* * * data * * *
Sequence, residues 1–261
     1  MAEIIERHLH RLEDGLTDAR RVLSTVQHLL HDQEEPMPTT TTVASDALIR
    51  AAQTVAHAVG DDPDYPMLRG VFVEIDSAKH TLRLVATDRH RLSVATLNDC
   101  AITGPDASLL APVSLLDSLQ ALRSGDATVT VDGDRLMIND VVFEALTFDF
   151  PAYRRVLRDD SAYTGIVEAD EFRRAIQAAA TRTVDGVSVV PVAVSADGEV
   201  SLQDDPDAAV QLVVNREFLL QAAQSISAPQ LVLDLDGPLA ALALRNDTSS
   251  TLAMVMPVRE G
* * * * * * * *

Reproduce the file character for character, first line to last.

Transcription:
Sequence, residues 1–261
     1  MAEIIERHLH RLEDGLTDAR RVLSTVQHLL HDQEEPMPTT TTVASDALIR
    51  AAQTVAHAVG DDPDYPMLRG VFVEIDSAKH TLRLVATDRH RLSVATLNDC
   101  AITGPDASLL APVSLLDSLQ ALRSGDATVT VDGDRLMIND VVFEALTFDF
   151  PAYRRVLRDD SAYTGIVEAD EFRRAIQAAA TRTVDGVSVV PVAVSADGEV
   201  SLQDDPDAAV QLVVNREFLL QAAQSISAPQ LVLDLDGPLA ALALRNDTSS
   251  TLAMVMPVRE G